I can say that having 24/7 carpal tunnel has been one of the most miserable things I’ve ever gone through. There is no relief. I haven’t been able to feel my fingers for months. Sometimes the pain is so excruciating it makes me cry. Being in constant discomfort makes me stressed and irritable. Pretending that it’s not happening can be frustrating. I can’t imagine living with chronic pain like this for years. Thankfully I’m hopefully only a week or two away from getting cortisone shots. If that doesn’t work, I’m considering lopping off my hands at the wrist.

I’m short of breath. It’s hard to bend over. I haven’t gotten a full night’s sleep in months.

My stretch marks are really freaking gross to look at. When this is all over, I will weigh close to 200 pounds. Two. Hundred. Pounds. And I’m lucky because I don’t have gestational diabetes (I was just 20 pounds overweight when I got pregnant).

I’m not having sex with my amazing, supportive, patient, caring boyfriend. I don’t view myself as someone attractive or sexual anymore. I am sober. All day, everyday.

I am not me. I have not been myself in almost seven months now.

I miss me. A lot. And the truth is, that me is gone. Forever.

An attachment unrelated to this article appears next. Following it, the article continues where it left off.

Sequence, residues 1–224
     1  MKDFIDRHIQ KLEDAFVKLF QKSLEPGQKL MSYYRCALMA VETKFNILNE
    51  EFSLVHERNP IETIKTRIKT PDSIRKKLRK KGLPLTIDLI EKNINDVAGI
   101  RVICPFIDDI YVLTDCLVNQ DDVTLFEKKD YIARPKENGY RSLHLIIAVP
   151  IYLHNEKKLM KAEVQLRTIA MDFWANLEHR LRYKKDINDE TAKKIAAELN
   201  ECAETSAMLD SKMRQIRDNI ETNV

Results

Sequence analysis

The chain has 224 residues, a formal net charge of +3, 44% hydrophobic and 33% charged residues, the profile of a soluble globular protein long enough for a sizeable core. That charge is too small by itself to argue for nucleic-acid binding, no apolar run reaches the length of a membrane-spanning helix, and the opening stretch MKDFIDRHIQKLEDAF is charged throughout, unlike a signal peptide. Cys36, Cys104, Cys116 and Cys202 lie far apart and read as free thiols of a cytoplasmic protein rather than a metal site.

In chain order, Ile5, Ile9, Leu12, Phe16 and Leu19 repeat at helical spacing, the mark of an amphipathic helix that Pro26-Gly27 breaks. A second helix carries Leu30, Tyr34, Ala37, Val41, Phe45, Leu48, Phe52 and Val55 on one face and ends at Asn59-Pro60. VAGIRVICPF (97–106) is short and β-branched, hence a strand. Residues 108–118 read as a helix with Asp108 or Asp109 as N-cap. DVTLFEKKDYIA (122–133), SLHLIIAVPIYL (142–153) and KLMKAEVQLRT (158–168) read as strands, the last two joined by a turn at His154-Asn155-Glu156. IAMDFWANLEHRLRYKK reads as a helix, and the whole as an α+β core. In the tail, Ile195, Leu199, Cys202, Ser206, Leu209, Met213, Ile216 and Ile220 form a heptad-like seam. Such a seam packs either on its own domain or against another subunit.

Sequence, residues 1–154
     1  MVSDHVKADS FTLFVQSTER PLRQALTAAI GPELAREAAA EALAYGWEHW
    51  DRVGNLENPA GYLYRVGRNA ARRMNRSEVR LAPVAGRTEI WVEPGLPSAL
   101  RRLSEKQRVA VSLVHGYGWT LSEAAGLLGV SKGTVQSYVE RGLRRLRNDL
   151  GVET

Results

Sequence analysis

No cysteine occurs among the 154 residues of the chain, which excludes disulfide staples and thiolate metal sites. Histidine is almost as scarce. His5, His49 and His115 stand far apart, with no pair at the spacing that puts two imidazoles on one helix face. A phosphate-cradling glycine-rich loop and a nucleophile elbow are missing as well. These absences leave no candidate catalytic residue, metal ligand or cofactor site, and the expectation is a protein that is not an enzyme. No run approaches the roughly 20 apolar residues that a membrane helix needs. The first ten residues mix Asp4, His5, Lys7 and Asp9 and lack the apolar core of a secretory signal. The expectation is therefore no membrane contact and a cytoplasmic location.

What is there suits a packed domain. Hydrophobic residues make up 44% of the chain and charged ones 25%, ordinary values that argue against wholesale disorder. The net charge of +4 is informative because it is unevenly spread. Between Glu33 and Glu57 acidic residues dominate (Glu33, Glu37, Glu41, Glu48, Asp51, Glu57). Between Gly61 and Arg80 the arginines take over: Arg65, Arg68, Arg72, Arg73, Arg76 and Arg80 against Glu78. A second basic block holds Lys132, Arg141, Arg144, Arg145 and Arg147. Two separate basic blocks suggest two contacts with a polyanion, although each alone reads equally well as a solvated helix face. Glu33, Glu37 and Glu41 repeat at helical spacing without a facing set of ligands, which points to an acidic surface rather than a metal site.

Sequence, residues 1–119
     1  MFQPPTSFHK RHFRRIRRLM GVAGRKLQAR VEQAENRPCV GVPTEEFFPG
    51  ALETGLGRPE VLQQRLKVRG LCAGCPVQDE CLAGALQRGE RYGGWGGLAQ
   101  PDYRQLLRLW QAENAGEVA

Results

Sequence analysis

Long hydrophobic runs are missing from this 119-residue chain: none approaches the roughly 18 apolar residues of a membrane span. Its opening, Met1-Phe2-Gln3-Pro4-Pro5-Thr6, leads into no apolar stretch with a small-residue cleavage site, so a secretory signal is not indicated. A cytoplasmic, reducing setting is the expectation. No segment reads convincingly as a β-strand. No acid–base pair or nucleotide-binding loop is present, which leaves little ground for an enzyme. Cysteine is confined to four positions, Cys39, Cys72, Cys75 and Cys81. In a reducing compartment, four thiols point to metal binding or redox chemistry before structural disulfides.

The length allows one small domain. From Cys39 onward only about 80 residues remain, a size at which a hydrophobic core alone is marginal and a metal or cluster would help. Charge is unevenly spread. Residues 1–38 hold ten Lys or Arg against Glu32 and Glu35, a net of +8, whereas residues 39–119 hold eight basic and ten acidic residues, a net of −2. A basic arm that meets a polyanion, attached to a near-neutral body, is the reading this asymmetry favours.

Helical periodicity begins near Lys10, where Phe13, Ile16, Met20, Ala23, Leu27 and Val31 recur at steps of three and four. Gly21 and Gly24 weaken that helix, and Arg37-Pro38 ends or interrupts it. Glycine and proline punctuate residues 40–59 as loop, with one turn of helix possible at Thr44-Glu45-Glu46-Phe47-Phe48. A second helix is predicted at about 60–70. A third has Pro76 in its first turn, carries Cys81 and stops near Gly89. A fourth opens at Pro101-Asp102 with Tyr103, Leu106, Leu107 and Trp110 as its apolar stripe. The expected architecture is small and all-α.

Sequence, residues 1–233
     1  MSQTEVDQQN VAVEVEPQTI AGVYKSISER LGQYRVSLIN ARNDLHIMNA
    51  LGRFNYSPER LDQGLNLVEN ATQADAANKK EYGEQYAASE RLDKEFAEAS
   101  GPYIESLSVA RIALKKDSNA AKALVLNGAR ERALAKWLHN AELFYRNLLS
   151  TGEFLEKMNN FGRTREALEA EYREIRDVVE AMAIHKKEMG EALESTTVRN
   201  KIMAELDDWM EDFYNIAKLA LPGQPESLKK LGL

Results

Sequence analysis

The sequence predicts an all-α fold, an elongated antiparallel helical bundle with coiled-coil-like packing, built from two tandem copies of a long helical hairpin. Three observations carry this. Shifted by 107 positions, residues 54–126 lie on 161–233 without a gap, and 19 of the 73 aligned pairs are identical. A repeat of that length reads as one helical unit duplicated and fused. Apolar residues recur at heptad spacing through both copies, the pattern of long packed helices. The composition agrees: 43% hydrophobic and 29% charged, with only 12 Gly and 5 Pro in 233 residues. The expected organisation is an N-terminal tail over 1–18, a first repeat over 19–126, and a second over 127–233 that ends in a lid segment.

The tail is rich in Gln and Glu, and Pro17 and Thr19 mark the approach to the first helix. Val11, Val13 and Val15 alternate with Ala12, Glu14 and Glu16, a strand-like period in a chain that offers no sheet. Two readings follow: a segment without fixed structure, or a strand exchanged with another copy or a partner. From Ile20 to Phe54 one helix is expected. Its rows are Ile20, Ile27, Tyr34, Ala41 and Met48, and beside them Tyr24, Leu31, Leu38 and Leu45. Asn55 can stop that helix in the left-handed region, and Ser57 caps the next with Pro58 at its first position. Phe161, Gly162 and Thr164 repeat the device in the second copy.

This transformation will end and then I’ll be something I’ve never been before.

A mom.

There is no way to prepare yourself for these changes. No way to know what pregnancy is really going to be like (or the fact that 10 months is WAY TOO LONG). For me, this journey has been on the depressing side even though I’m very much looking forward to meeting my son.

Sometimes it’s weird because there are people who light up at the sight of my belly or are genuinely happy for me and express this. And while that is meaningful and amazing, I feel pressure to match or top their enthusiasm. I really want to tell them that I’m totally out of sorts and that trying to focus on the unknown awesomeness is too intangible at the moment. When they are wild eyed and saying “this is SO EXCITING” I want to answer “Sure! I mean, I think? Yes, probably…ya know, I don’t actually know if it is, but OK! I mean, what’s done is done, right? LOL.”

I don’t know if knowing all of this would have dissuaded me from going through with it. But I do know that not knowing anything has been a shock in a lot of ways. I sort of hate that all of my preconceived notions were based on pure fiction. Smiling, glowing soon to be moms who seemed so able bodied and joyful and serene. Even now, I’ll see a visibly pregnant woman in business casual attire walking from the train and wonder if she’s feeling as put off by this whole thing as I am. I want to shout from my car window while pointing at my belly “this is total bullshit, amirite???!!!”